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I'm trying to write an app that calculates sick/vacation days and how much an employee has available in either category. Here's my trouble:

In my view, the duration equation works and shows the right numbers, but I've put the math in the view, which I know is bad. But when I try to use the duration equation in my employee class (so I can move the math out of the view) it doesn't work, and I think that it's because duration is saving as 'nil' for some reason. I don't know why it's doing that, as everything else has been saving in the database with whatever information I input into the form.

Maybe it's because duration isn't inputted manually in the form, but rather reacts to the date-range?

Here's where I want to call duration in the employee model to get the math out of the view:

  def remaining_vacation_days
    vacation_days - @furlough.duration if @furlough.description == "Vacation"

  def remaining_sick_days
     sick_days - @furlough.duration if @furlough.description == "Sick" 

Here's the model where duration is defined:

class Furlough < ActiveRecord::Base

  attr_accessible :duration # and other stuff
  belongs_to :employee
  validates_presence_of :duration # and other stuff

  def duration
    only_weekdays(date_from..date_to) - psb_holidays

  def only_weekdays(range)
    range.select { |d| (1..5).include?(d.wday) }.size    

  def psb_holidays
    Holidays.between(date_from, date_to, :us, :observed).size


What's tripping me out is that in the console this is what I see:

1.9.3-p0 :008 > ryan = Furlough.find(18)
  Furlough Load (0.3ms)  SELECT "furloughs".* FROM "furloughs" WHERE "furloughs"."id" = ? LIMIT 1  [["id", 18]]
 => #<Furlough id: 18, duration: nil, date_from: "2013-12-20", note: "Christmas vacation!", created_at: "2013-05-08 14:33:03", updated_at: "2013-05-08 14:34:07", employee_id: 16, description: "Vacation", date_to: "2013-12-29">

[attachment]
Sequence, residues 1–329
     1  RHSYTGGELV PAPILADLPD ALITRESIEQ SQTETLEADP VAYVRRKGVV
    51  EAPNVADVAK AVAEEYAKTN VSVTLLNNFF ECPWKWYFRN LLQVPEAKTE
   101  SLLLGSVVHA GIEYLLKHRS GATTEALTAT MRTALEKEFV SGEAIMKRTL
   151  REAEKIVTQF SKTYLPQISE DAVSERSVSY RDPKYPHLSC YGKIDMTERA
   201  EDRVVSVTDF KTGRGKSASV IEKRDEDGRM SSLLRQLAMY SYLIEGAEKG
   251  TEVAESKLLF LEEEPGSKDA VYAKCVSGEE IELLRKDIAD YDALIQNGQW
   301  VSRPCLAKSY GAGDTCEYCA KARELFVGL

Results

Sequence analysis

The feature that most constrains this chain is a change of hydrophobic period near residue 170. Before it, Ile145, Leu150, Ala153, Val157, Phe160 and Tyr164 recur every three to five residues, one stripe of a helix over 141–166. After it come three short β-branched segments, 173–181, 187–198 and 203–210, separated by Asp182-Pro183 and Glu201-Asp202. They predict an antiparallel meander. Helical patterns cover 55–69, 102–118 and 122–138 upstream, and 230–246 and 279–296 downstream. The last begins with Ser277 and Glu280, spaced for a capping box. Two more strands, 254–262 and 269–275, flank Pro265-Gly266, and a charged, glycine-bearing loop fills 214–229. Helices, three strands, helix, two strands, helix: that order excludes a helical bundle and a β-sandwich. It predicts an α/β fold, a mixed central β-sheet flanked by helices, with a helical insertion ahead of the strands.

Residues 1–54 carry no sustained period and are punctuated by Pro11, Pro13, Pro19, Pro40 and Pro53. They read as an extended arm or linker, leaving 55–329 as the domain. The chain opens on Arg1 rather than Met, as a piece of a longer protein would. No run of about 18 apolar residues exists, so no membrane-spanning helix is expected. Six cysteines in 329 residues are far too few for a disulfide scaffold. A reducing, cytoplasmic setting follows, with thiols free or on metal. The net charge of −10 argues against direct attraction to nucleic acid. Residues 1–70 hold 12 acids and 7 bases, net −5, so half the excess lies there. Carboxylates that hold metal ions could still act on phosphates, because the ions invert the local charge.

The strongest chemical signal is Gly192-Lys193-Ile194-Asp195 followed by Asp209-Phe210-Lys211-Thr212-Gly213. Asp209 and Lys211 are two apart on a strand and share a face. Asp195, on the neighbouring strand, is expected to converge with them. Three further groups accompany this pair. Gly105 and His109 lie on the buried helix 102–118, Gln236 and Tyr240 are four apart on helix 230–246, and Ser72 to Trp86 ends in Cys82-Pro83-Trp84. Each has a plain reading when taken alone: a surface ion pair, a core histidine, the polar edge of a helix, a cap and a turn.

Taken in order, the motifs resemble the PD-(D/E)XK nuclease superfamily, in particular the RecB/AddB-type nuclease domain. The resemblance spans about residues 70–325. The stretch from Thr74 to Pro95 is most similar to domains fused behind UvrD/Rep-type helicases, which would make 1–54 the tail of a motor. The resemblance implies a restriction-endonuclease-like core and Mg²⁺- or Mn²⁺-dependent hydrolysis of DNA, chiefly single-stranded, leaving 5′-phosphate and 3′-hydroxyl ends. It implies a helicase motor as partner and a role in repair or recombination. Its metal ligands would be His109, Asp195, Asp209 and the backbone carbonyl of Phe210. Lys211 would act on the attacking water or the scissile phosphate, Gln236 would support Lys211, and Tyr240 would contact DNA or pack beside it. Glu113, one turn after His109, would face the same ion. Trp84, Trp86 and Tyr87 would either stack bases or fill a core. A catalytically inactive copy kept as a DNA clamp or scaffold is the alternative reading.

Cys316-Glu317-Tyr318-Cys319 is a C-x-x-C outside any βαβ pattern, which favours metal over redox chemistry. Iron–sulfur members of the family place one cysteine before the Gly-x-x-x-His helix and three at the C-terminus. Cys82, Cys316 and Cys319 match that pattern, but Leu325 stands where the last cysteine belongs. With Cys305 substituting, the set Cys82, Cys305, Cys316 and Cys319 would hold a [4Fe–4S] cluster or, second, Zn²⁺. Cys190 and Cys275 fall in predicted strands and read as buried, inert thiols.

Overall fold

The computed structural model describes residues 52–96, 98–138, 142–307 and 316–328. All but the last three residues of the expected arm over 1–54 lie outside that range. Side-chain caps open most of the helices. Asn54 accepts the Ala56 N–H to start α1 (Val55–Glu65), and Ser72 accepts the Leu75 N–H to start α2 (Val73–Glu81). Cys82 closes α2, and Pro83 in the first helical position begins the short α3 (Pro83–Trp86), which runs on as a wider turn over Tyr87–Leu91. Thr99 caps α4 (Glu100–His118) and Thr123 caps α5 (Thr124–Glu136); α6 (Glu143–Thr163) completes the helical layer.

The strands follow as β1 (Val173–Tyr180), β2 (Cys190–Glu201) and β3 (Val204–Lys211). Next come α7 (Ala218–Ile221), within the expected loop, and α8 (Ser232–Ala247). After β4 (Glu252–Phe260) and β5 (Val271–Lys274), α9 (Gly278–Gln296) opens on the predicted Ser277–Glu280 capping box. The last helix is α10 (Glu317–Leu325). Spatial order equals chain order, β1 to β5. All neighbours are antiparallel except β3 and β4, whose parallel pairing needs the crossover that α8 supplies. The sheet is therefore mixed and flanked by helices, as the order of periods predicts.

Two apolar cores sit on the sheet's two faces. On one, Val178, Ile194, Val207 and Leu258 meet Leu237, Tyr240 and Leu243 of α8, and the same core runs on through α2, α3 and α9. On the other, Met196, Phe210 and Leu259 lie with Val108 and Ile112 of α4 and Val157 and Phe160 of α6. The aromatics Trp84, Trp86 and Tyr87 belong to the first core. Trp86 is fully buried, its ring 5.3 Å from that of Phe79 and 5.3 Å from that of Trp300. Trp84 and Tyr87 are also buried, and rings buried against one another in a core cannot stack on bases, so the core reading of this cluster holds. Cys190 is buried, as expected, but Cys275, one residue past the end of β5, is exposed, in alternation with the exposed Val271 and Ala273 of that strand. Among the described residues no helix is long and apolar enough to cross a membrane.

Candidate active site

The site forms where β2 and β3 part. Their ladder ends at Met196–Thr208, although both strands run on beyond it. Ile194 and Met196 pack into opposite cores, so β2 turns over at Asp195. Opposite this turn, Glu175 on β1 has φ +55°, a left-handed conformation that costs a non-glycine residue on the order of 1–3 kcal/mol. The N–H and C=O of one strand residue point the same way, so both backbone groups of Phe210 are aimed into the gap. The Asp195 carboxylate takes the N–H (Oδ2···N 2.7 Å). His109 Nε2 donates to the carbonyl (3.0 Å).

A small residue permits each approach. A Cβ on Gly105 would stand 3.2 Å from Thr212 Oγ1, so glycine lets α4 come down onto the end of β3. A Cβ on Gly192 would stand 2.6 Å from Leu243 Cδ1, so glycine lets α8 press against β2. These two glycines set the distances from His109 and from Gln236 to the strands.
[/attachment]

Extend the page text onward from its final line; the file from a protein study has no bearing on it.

See, it's nil, but then I get this:

1.9.3-p0 :009 > ryan.duration
 => 5 

I'm at a loss.

share|improve this question
If duration isn't saved from the form (e.g. using update_attributes or new(params[:furlough] etc.) it won't magically persist using a calculated value--you must calculate it yourself before saving it to the DB, one way would be to use callbacks. –  Dave Newton May 11 '13 at 17:01
do you have a duration function and a duration value in the db? as dave said you would need to use callback to set the duration, –  Doon May 11 '13 at 21:40
Hmmm, I've never heard of callbacks before. I'll research and study and come back after trying it out. Thanks for the tip! –  Ryan Clark May 13 '13 at 0:37

3 Answers 3

up vote 3 down vote accepted

You are supposed to use instance of the class, not the class itself, thats why you are getting all those errors.

def sick_days_used
   Furlough.duration if Furlough.description == "Sick"

should be :

def sick_days_used
   @furlough.duration if @furlough.description == "Sick"


def sick_days_used
   self.duration if self.description == "Sick"

if your are defining it in model

share|improve this answer
I tried your first option, and now I'm getting back "undefined method description' for nil:NilClass", instead of "undefined method description' for #<Class:0x007fa97613bee8>". What's the next question I should be asking/searching? –  Ryan Clark May 9 '13 at 19:16

The attributes are attributes of a Furlough instance, not the Furlough class itself.

share|improve this answer

If you are going to use the methods as class methods then you need to add 'self' to the method definition:

def self.duration

Then you can call Furlough.duration.

The other way around (def duration) you are defining an instance method, which can only be called on an instance (an specifiic Furlogh instance).

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